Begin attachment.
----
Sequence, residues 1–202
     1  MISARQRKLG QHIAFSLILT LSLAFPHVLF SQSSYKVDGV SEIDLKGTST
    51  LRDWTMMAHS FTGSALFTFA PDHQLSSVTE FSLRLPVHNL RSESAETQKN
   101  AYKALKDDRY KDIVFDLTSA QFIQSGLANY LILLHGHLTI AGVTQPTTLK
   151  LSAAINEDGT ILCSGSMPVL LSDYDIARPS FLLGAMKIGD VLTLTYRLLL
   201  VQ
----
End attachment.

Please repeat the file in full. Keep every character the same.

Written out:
Sequence, residues 1–202
     1  MISARQRKLG QHIAFSLILT LSLAFPHVLF SQSSYKVDGV SEIDLKGTST
    51  LRDWTMMAHS FTGSALFTFA PDHQLSSVTE FSLRLPVHNL RSESAETQKN
   101  AYKALKDDRY KDIVFDLTSA QFIQSGLANY LILLHGHLTI AGVTQPTTLK
   151  LSAAINEDGT ILCSGSMPVL LSDYDIARPS FLLGAMKIGD VLTLTYRLLL
   201  VQ